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Light to illuminate the living brain

Optogenetics is a technique whereby light serves to control the behavior of a live animal. The scene might go something like this: the laboratory rat sits peacefully in its box, but with a fiber optic cable emerging from its head. A light comes on and the animal starts to run; the light goes off, and it stops.

The clue to the importance of this experiment is that the optic fiber is delivering light to the brain region that controls movement, where its action is confined to specific neurons. The same strategy can be applied to memory, fear, addiction, depression, epilepsy, Parkinson’s disease… Optogenetics in its current form has been around for barely a decade, but it is already being employed in thousands of laboratories.

And more than one neuroscientist has marveled at a technique they describe as exactly what the field was crying out for. Optogenetics brings an unprecedented precision to bear on the study of the living brain. It ushers in the real possibility of determining which neural circuits are involved in which kind of behavior, and the promise of a meaningful improvement in our treatment of mental illness. Researchers are saying that optogenetics not only encourages them to be more ambitious, but evento think differently about the brain.

Picture of Boyden, Deisseroth and Miesenböck, BBVA Foundation Frontiers of Knowledge Award.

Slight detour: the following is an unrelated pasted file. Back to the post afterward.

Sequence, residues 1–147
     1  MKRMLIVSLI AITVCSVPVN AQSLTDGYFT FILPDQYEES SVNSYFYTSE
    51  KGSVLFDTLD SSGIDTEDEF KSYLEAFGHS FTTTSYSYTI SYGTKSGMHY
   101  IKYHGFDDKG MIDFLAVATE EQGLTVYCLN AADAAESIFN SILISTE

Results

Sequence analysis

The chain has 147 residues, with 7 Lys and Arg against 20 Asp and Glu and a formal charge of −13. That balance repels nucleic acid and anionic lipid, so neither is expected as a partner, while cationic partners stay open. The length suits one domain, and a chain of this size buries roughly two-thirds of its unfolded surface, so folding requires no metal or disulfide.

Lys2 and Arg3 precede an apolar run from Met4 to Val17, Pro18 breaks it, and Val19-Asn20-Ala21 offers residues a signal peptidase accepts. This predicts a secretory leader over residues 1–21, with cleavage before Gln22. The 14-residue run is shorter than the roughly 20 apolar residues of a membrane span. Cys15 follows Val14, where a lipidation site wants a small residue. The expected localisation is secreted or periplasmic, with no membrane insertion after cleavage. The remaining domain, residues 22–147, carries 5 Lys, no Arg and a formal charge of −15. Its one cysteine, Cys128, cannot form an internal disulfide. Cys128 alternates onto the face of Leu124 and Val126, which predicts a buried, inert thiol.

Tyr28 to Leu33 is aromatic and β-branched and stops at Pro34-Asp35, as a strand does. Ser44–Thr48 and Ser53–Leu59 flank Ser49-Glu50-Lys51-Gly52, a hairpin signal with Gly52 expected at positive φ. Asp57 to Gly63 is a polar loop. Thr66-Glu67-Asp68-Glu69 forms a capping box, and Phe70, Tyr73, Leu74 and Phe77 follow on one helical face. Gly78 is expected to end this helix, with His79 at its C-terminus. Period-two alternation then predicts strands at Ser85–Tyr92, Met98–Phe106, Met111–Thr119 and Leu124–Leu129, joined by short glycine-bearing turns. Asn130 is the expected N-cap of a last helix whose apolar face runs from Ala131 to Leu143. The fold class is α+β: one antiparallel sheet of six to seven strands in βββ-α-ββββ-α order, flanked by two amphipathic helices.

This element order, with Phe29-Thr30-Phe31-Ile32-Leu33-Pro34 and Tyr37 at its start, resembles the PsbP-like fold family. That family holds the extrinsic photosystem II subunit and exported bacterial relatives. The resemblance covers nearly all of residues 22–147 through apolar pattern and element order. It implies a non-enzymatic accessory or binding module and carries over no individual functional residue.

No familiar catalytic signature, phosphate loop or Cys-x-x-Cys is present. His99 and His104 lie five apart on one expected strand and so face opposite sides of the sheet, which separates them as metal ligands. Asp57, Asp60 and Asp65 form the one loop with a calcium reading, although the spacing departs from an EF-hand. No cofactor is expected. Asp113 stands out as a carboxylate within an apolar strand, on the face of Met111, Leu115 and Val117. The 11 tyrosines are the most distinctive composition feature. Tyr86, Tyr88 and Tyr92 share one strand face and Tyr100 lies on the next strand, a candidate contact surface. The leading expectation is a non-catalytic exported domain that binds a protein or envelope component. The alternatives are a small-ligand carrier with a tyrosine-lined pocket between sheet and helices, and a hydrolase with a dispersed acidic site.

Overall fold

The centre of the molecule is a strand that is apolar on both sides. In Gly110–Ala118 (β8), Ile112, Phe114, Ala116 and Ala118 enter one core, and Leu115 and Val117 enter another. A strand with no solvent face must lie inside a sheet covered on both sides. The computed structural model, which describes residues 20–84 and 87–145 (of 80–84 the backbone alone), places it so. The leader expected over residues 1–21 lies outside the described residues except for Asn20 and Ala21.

Edward S. Boyden III (Justin Knight/MIT), Karl Deisseroth  (Saul Bromberger – Sandra Hoover, Stanford Engineering) and Gero Miesenböc (Greg Smolonski).

Neuroscientists Edward Boyden, Karl Deisseroth and Gero Miesenböck, the creators of optogenetics, sharethe BBVA Foundation Frontiers of Knowledge Award in Biomedicine. The story of their endeavors to develop optogenetics contains some surprising twists. For instance, how could something so warmly received by the research community initially meet with rejection from funding agencies and reviewers? Or, how did areas as disparate as the study of microorganisms insaline lakes, the physics of light and genomics end up cross fertilizing to arrive at a technique to explore brain function?

For the first time we can tease apart how specific kinds of brain cells can initiate something as complex as a behavior — Boyden

The imperative was to find the right neurotechnology. Francis Crick, one of the discoverers of the DNA structure, said many years ago that only a tool enabling control of specific neurons, in their natural – millisecond– firing time, could explain how a biological structure gives rise to the personality, imagination, suffering or curiosity. Crick wrote: “… the ideal signal would be light […]. This seems rather far-fetched, but it is conceivable that molecular biologists could engineer a particular cell type to be sensitive to light.”

The first finding in the genealogy of optogenetics dates from the early 1970s, when a German biochemist examining bacteria in saline lakes discovered a protein capable of turning light into electricity in a single biochemical step. What he had found was an opsin, a family of light-sensitive proteins also present in the human retina, although mammal opsins do not generate electricity so directly but by triggering a cascade of secondary molecules.

Neurons. The Journal of Cell Biology (Creative Commons)

To design specific therapies for somethingas mysterious as mental illness, you need a deep understanding of the brain — Deisseroth